One commonly known fact in physics is that you cannot move faster than the speed of light. While that’s basically true, it’s also an over-simplification. Under the theory of relativity, there are actually three ways that objects can move: 1 At the speed of light 2 Slower than the speed of light 3 Faster than the speed of light

How to explain how a river is moving at a constant speed?

The river forks into two branches, with one raft floating down each of the branches. Though the rafts themselves are each always moving at the same speed, they are moving faster in relation to each other because of the relative flow of the river itself. In this example, the river itself is spacetime.

What happens when light goes from a vacuum into another material?

As I mentioned earlier, when light goes from a vacuum into another material, it slows down. It is possible that a charged particle, such as an electron, can enter a material with sufficient force to move faster than light within that material. (The speed of light within a given material is called the phase velocity of light in that medium.)

What are solitons capable of?

With sufficient energy, configurations of these solitons could function as ‘warp bubbles’, capable of superluminal motion, and theoretically enabling an object to pass through space-time while shielded from extreme tidal forces.

What is the new class of hyper-fast solitons?

Lentz) In the new work, Lentz proposes one such way we might be able to do this, thanks to what he calls a new class of hyper-fast solitons – a kind of wave that maintains its shape and energy while moving at a constant velocity (and in this case, a velocity faster than light).

When is Lentz’s YouTube presentation?

In addition, Lentz will be explaining his research in a week’s time – in a live YouTube presentation on March 19. There are still plenty of puzzles to solve, but the free-flow of these kinds of ideas remains our best hope of ever getting a chance to visit those distant, twinkling stars.

Is warp drive a possibility?

It’s an impressive feat of theoretical gymnastics, although the amount of energy needed means this warp drive is only a hypothetical possibility for now.

Do physicists give up easily?

Physicists are not the kind of people who give up easily, though. Give them an impossible dream, and they’ll give you an incredible, hypothetical way of making it a reality. Maybe.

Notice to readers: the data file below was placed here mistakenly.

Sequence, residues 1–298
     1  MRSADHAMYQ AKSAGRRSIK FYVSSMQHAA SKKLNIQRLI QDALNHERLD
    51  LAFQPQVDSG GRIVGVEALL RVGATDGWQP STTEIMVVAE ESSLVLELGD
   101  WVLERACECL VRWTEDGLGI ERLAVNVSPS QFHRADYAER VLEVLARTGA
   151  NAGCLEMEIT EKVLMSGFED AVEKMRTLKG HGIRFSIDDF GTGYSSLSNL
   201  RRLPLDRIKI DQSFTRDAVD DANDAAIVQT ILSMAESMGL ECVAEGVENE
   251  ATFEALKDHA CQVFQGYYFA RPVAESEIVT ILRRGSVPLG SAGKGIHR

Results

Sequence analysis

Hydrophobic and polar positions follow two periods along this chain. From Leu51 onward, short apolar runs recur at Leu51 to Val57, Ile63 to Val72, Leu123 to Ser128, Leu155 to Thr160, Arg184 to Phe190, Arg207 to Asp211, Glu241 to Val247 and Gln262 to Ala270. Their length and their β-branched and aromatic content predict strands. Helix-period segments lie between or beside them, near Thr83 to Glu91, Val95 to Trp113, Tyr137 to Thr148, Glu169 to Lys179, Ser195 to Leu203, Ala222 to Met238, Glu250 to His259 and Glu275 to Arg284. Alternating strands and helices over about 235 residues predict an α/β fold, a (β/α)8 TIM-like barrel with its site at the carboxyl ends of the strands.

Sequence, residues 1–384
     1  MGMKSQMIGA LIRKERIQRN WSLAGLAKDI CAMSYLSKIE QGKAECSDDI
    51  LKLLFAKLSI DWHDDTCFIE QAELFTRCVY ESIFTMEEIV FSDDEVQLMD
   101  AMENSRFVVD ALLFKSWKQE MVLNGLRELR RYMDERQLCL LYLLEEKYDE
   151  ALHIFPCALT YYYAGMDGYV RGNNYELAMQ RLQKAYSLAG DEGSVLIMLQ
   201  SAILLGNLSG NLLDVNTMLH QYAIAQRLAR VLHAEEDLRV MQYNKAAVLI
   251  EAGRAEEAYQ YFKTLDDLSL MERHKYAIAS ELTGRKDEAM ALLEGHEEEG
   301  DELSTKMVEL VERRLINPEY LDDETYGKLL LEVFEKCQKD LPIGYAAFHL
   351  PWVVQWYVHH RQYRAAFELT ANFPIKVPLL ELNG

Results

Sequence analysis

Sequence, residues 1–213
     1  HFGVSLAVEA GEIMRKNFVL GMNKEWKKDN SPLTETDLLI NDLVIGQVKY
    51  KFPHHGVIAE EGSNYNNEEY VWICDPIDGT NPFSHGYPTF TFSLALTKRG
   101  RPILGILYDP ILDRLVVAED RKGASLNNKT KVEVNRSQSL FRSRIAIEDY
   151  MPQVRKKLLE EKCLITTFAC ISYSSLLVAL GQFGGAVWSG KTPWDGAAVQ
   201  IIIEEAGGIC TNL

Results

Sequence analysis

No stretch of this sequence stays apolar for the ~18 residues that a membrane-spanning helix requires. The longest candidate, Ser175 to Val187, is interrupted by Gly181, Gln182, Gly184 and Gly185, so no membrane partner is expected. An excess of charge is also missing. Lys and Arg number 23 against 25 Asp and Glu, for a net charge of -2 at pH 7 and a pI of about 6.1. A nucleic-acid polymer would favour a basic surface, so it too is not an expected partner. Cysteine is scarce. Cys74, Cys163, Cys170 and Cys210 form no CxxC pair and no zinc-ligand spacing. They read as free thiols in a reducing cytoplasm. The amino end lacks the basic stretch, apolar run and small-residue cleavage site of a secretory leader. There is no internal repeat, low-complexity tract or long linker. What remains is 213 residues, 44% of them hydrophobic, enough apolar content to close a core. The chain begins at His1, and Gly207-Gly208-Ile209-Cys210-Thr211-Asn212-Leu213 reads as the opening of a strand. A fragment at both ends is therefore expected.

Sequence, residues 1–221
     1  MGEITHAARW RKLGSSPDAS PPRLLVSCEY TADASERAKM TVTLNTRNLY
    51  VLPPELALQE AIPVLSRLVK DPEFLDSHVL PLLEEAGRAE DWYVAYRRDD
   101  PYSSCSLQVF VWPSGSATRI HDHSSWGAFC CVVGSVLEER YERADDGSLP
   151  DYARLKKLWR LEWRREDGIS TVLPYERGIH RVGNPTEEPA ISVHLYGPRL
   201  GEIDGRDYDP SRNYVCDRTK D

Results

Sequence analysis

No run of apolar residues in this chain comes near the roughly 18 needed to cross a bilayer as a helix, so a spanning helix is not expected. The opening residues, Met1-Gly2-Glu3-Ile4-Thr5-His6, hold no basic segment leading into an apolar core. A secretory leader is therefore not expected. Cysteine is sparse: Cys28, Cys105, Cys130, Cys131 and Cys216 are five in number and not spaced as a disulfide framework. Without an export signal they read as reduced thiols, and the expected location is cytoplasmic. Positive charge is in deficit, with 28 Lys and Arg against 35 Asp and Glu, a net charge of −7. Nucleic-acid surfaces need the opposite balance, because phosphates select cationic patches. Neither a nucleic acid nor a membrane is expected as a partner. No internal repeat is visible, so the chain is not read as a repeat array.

Does negative energy have a quantum scale?

While this kind of negative energy happens on a quantum scale, piling up enough in the form of ‘negative mass’ is still a realm for exotic physics. In addition to facilitating other kinds of abstract possibilities, such as wormholes and time travel, negative energy could help power what’s known as the Alcubierre warp drive.

Is hyper-fast soliton a negative energy density?

According to Lentz’s theoretical calculations, these hyper-fast soliton solutions can exist within general relativity, and are sourced purely from positive energy densities, meaning there’s no need to consider exotic negative-energy- density sources that haven ‘t yet been verified.

How fast can light travel through the universe?

For generations, physicists believed there is nothing faster than light moving through a vacuum — a speed of 186,000 miles per second. But in an experiment in Princeton, N.J., physicists sent a pulse of laser light through cesium vapor so quickly that it left …

Why does a pulse look like a straight beam?

The light can leave the chamber before it has finished entering because the cesium atoms change the properties of the light, allowing it to exit more quickly than in a vacuum.

How did the Princeton experiment change the circumstances?

The Princeton experiment and others change these circumstances by using devices such as the cesium chamber rather than a vacuum.

What did Albert Einstein test?

The Princeton experiment and others like it test the limits of the theory of relativity that Albert Einstein developed nearly a century ago.

Which edge of a light pulse has all the information needed to produce the pulse on the other end of the chamber?

The leading edge of the light pulse has all the information needed to produce the pulse on the other end of the chamber, so the entire pulse does not need to reach the chamber for it to exit the other side.

Who is the scientist who said the light particles coming out of the cesium chamber may not have been the same ones that?

Not everyone agrees on the implications of the NEC experiment. Aephraim Steinberg , a physicist at the University of Toronto, said the light particles coming out of the cesium chamber may not have been the same ones that entered, so he questions whether the speed of light was broken.

Is superluminal speed distorted?

Previously, experiments have been done in which light also appeared to achieve such so-called superluminal speeds, but the light was distorted, raising doubts as to whether scientists had really accomplished such a feat.